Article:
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Belfius Smart Belgium Awards: context and winners



At the Belfius Smart Belgium Awards yesterday evening, keynote speaker Carlo Ratti from MIT University in Massachusetts, gave some interesting insights into research surrounding Smart Cities, prior to the awarding of the prizes.

Firstly, he said that Smart Cities are a convergence of the physical and the digital. He pointed out that by 2030 around 70-80% of the world’s population will live in cities (some 5 billion people) but what is perhaps less well known is that: cities only cover 2% of the world’s surface, but account for 75% of energy use and 80% of CO2 emissions. He also said that MIT had 'tagged' 3,000 items of rubbish - from tin cans to banana peel, and traced where it all actually went - hundreds of kilometres in some cases! Carlo Ratti said that if we could understand and control this, we could save far more than recycling could ever do.

Introducing the event, Belfius CEO Marc Raisière said that his company has instigated these awards to celebrate Belgian talent, and because people tend not to make enough noise about what is actually going on. ‘Smart Belgium’ involves all citizens, from workers to Board members. And the competition notion of Smart Belgium brings together domains as vital as mobility, healthcare, the environment, the digital world…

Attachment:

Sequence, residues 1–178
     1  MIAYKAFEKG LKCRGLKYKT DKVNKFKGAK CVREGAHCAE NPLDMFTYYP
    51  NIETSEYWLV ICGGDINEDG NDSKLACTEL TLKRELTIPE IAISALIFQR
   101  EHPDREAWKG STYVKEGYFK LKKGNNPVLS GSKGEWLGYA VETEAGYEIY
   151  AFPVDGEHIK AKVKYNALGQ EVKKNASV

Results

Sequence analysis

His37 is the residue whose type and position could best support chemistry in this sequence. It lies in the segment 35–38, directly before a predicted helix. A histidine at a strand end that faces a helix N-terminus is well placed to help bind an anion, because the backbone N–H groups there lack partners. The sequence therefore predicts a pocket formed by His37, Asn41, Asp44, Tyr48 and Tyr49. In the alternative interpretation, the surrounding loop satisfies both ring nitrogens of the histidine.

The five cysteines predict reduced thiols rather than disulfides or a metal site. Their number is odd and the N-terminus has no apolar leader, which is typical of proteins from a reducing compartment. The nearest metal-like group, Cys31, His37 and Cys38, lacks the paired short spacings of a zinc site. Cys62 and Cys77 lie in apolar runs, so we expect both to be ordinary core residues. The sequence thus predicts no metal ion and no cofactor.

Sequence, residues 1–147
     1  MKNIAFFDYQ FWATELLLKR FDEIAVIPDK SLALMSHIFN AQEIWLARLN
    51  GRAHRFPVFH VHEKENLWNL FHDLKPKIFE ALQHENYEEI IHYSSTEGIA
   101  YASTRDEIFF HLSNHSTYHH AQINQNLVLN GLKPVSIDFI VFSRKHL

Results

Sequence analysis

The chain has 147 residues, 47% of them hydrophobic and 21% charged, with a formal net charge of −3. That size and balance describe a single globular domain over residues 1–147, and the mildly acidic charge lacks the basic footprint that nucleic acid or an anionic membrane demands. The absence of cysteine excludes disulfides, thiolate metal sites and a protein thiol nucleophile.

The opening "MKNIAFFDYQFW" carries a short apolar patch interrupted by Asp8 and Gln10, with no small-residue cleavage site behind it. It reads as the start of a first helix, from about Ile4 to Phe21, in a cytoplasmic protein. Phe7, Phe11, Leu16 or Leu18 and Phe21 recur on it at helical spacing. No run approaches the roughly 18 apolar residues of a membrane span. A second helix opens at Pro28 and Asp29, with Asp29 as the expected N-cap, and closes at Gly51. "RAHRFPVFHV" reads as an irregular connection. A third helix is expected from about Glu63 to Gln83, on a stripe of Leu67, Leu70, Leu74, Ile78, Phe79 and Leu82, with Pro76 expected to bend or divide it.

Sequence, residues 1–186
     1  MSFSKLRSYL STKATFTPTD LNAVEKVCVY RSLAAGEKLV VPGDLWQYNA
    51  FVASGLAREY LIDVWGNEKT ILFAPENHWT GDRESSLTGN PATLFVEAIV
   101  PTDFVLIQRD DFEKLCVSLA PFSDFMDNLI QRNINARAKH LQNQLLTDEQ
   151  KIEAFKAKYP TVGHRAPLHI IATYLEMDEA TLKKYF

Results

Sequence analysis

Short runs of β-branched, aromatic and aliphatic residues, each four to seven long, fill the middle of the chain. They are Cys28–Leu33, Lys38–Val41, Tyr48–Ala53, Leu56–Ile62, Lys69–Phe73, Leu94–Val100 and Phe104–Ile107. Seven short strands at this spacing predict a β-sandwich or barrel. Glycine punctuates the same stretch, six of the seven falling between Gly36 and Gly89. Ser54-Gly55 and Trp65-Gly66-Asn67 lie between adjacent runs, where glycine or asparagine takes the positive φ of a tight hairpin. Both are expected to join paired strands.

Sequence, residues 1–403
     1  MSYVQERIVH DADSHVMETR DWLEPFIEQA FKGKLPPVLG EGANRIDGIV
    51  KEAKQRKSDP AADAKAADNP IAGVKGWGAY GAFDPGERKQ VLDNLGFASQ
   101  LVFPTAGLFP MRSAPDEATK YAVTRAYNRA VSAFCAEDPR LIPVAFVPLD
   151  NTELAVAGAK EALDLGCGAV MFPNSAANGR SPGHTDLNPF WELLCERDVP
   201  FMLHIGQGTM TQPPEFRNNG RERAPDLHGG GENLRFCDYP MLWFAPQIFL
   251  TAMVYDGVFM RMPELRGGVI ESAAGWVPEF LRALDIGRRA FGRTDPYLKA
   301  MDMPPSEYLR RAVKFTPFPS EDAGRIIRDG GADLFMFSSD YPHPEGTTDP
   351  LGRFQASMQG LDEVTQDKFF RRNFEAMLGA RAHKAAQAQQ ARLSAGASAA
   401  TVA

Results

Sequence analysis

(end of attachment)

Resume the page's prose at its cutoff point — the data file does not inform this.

The Awards attracted a total of 330 entries, and these were filtered down to ten finalists in each of the six categories. The two categories which are of most interest to us here are ‘Large cities’ – more than 30,000 inhabitants, and ‘Small cities’.

The Award in the Large cities category went to not a city, but a region – Hainaut and its IDEA inter-communal body. This was for a project involving the drying of sludge from water purification stations, using geo-thermal and solar heat. The new system is believed to have cut by a factor of four the number of trips made by trucks in the domain of waste. To win this award, Hainaut had to beat off challenges from Seraing, Mechelen, Charleroi, St. Niklaas, Jambes, Brussels, Kortrijk, Liège and Antwerp.

In the Small cities category, towns which are not normally in the public eye were involved, and the winner was Bonheiden (to the east of Mechelen), for a project which is getting children onto bikes. Children who go to school by bike or on foot, rather than in their parents’ cars, receive a bonus enabling them to participate in the town festival for free. Huge amounts of CO2 emissions have been avoided, and around 150,000 km are calculated to have been ridden.

For the record, the other winners were: Smart small company – BeeOdiversity for an air quality project using bees; Smart Larhge company – Glutton for electric and driver-friendly street cleaning machines; Smart care – Mariasteen for a project enabling handicapped people to work. The Public prize went to Mariënstede for another project in the domain of employment for (mentally) handicapped persons.
Tim Harrup
22-03-2018


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